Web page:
The Big Brother solution

JONATHAN HARRIS March 25 1996

The Big Brother solution

JONATHAN HARRIS March 25 1996

The Big Brother solution

Faced with overcrowding in prisons and rising costs of incarceration, correctional service officials are increasingly turning to a rather Orwellian alternative—transforming the convict’s own home into a virtual cell through electronic monitoring,

or EM. The system relies on a small bracelet attached to a parolee’s or offender’s ankle, and radio-linked to an in-home monitoring device. If the offender leaves his house, corrections personnel at a monitoring centre are immediately alerted by an automated call made through the bracelet-wearer’s phone line.

Newfoundland, Ontario, Saskatchewan, British Columbia and the Yukon are now using EM programs as a form of house arrest—most commonly for relatively low-risk criminals, such as those convicted of drunk driving or property offences.

“We are not putting hard-core people out there,” says Jim Cairns, a program analyst for the corrections department of British Columbia, where almost 20 per cent of people serving provincial sentences wear the bracelets. One benefit of EM

programs is that they save money. Eric Caton, president of Jemtec Inc., a Canadian distributor of the Boulder, Colo.-produced technology, says that it costs about $5 a day to lease an EM system—far cheaper than putting people in prisons or halfway houses. In fact, the Ontario ministry of correctional services says it will save between $7 million and $10 million per year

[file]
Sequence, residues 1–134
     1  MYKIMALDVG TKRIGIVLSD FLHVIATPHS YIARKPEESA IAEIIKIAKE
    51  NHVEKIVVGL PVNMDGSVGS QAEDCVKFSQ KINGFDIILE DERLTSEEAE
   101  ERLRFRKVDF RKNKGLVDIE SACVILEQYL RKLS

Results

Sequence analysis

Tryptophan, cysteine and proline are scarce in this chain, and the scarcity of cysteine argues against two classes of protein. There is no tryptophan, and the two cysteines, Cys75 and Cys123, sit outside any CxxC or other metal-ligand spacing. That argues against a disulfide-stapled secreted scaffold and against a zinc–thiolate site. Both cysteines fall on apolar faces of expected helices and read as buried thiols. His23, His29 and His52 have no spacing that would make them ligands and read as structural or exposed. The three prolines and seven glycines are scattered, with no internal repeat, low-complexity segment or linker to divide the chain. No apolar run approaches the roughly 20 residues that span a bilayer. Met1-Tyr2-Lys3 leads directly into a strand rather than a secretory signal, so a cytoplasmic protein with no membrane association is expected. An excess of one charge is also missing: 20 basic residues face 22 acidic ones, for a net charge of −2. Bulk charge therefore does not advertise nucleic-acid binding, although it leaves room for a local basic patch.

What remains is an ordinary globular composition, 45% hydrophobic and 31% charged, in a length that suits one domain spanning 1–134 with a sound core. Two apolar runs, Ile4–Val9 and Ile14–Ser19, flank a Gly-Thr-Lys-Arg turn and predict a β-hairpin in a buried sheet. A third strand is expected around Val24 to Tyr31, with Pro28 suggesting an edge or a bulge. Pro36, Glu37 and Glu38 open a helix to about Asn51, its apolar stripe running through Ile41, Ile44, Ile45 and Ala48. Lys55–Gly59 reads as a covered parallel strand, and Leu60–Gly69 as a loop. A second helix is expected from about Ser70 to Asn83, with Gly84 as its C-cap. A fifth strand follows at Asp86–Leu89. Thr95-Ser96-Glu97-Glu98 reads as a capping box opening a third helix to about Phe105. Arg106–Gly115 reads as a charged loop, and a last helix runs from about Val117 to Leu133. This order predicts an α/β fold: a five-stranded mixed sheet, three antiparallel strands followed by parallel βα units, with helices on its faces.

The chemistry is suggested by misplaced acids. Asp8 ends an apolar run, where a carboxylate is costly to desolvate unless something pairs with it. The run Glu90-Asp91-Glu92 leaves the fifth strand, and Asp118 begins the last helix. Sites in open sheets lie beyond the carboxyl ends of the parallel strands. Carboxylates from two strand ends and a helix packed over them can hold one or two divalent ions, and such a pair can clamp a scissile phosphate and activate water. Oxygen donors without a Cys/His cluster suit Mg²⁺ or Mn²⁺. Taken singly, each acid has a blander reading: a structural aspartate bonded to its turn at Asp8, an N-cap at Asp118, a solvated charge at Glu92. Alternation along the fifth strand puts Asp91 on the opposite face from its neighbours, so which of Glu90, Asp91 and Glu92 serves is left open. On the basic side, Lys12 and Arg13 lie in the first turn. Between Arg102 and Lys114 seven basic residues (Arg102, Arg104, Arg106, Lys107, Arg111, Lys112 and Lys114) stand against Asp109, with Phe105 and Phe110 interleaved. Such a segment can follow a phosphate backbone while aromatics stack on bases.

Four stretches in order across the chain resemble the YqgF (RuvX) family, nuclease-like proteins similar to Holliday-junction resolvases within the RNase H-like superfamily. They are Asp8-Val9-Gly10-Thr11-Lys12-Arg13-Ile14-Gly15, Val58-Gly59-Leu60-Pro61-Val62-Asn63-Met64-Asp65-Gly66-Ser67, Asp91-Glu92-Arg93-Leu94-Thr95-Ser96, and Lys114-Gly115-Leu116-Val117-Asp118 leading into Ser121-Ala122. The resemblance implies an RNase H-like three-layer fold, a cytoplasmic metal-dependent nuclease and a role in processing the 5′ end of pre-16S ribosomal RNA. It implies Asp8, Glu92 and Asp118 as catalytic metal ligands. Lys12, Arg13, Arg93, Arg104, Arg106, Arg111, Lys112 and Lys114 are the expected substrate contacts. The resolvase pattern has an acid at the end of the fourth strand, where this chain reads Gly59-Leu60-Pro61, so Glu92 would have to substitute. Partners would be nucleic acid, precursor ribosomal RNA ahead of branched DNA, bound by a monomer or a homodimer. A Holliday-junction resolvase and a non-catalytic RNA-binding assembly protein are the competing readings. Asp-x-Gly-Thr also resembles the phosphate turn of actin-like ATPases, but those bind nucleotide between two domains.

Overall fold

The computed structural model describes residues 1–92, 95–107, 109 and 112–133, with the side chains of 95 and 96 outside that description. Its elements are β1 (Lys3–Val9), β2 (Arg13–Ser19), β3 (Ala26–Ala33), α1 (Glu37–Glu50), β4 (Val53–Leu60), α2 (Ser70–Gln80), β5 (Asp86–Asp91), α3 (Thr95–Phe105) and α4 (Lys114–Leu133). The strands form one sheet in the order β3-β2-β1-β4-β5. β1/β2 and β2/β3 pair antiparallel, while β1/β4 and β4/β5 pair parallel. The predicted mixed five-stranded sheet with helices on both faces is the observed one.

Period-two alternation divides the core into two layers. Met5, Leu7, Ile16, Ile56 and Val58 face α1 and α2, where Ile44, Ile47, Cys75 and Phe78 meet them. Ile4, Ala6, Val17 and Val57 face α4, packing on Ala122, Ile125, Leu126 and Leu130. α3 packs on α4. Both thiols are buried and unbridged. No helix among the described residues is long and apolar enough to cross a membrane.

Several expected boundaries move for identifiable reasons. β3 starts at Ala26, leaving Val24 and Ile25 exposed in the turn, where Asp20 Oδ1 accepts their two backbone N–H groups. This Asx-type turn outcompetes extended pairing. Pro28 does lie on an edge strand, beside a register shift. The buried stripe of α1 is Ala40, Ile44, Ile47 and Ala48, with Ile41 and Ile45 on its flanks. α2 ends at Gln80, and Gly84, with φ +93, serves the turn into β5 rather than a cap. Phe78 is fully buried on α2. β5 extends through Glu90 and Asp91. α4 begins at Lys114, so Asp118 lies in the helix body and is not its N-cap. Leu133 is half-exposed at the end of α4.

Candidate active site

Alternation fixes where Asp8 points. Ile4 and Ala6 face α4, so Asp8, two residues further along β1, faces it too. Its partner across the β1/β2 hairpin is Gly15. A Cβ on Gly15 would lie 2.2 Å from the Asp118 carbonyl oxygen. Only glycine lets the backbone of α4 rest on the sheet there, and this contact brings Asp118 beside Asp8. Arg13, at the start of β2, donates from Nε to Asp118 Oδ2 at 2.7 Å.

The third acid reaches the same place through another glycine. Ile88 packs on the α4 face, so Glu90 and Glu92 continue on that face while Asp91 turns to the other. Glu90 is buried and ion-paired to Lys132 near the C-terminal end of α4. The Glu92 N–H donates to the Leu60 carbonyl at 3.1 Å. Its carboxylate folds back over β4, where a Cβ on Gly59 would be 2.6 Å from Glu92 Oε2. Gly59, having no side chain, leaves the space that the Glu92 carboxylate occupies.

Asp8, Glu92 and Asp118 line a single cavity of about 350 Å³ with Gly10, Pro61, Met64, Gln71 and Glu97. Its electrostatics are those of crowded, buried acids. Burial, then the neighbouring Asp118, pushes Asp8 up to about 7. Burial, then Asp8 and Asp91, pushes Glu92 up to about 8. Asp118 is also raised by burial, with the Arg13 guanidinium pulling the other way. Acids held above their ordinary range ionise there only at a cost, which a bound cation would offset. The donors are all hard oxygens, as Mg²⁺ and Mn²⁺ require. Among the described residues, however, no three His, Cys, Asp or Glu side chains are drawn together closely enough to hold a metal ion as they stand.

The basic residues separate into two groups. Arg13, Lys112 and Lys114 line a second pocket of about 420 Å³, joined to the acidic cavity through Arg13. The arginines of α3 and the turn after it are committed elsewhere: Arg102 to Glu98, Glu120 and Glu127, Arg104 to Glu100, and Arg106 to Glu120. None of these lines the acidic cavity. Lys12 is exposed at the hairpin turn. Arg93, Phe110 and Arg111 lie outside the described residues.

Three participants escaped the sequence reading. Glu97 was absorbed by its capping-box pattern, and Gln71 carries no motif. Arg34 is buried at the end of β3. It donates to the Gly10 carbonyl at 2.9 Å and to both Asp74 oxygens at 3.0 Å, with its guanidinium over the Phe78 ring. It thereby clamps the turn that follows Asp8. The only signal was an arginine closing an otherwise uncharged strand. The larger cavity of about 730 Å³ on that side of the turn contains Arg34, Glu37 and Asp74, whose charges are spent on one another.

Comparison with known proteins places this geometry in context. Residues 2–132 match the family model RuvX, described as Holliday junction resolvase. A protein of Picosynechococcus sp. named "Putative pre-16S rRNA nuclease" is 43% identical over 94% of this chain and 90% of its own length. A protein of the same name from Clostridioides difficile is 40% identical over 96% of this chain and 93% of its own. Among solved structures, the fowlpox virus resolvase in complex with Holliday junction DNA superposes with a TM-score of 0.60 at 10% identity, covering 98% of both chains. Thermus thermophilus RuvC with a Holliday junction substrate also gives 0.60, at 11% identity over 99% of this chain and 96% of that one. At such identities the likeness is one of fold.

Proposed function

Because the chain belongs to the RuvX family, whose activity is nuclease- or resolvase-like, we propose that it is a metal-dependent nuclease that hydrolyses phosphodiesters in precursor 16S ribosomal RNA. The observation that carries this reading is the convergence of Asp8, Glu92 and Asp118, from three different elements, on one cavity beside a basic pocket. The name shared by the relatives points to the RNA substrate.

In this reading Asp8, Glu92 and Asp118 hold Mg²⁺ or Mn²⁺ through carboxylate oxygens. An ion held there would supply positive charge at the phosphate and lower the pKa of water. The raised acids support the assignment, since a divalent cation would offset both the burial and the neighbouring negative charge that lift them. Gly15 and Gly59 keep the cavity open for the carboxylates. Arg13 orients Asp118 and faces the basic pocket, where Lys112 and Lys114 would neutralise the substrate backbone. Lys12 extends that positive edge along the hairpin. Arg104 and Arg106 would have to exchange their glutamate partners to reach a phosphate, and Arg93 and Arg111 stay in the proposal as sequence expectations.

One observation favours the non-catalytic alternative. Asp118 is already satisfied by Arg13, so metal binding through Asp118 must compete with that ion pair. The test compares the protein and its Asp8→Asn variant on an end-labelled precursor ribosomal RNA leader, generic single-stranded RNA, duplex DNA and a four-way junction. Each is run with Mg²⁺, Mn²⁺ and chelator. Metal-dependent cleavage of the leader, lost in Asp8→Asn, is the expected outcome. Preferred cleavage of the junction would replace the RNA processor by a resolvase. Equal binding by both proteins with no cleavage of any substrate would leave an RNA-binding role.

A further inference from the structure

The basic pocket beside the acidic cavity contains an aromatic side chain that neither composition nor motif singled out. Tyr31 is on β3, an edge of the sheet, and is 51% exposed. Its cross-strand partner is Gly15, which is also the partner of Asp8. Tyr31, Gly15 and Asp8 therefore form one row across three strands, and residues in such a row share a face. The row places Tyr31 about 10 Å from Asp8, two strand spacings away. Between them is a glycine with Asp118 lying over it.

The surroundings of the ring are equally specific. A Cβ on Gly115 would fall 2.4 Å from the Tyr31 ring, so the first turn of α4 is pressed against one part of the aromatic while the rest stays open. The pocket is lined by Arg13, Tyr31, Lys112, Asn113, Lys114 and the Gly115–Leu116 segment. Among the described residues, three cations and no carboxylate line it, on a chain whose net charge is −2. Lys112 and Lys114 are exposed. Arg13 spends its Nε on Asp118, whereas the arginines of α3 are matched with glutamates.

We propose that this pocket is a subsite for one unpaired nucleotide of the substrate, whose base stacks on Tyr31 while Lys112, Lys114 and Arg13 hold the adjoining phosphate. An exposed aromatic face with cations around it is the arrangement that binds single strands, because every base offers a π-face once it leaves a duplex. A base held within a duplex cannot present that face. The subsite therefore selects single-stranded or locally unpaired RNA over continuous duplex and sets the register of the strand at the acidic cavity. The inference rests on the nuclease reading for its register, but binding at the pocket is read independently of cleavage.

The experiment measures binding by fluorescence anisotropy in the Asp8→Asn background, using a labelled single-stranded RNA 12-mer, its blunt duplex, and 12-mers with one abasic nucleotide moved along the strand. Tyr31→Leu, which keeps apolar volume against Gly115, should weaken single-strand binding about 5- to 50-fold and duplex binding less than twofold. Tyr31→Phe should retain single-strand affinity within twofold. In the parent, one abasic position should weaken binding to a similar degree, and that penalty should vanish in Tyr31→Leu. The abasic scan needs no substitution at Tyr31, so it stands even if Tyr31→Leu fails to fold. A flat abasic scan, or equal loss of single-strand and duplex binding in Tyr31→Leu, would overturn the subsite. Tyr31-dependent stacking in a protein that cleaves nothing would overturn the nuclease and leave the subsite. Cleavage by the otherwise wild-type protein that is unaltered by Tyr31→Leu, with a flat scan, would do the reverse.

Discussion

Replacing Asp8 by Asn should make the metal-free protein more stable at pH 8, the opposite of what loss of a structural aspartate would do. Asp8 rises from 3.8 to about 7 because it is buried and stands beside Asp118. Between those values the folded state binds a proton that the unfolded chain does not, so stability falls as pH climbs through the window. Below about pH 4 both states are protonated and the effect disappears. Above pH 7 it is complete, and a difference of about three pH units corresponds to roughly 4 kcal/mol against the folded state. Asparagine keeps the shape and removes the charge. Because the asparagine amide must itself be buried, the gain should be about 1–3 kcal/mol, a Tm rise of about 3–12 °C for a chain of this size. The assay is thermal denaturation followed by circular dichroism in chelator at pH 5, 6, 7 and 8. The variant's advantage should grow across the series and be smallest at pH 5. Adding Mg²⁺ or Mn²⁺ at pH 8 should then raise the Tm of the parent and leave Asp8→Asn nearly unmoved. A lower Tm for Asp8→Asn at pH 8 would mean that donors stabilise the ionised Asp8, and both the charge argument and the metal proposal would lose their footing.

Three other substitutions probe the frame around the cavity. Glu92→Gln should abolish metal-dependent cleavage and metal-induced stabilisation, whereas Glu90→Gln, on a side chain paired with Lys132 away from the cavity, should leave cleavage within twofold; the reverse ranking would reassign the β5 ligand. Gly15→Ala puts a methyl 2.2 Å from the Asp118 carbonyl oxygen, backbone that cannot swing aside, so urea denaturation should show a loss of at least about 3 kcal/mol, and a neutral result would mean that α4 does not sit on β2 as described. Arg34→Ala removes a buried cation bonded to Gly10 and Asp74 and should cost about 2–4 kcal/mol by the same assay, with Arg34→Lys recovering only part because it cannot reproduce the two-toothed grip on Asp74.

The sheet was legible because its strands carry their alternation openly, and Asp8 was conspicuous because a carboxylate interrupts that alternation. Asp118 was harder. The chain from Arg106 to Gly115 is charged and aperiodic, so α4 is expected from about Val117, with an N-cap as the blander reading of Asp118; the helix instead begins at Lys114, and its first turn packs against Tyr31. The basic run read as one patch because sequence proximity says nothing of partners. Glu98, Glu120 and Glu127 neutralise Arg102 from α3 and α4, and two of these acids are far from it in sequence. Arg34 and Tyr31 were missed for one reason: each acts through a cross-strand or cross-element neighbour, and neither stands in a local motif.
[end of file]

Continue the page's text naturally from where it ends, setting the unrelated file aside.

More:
by eliminating halfway houses and replacing them with EM equipment. And in British Columbia, where EM has been used since 1987, it has helped relieve overcrowding in the province’s jails. “Electronic monitoring,” says Cairns, “has been a blessing in allowing us to try and balance overcrowding.”

EM technology may also have applications in the federal parole system. This month, the Correctional Service of Canada will

begin testing EM as a way to help enforce curfews for a select group of parolees in interior British Columbia. The purpose, says project director James Bartlett, is to “provide a more intense level of supervision.” If successful, the B.C. trial might lead to a national program of electronic parolee monitoring. “Parole on the federal level is one obvious place where this technology should be used,” says John Ekstedt, a professor of criminology at Simon Fraser University in Burnaby, B.C. “With the federal prison system so overcrowded, electronic monitoring provides a means of securing greater release [of parolees] through stricter control.”

Still, Bartlett warns, “all EM does is tell you where a guy is. It doesn’t serve any rehabilitative functions.” And it cannot stop offenders from

breaking the law at home—by taking drugs, for instance. “It is not 100-per-cent foolproof,” says Cairns, “but it is very reliable.” Whether the small ankle bracelet is reliable enough to quell the public’s fears is another matter.

JONATHAN HARRIS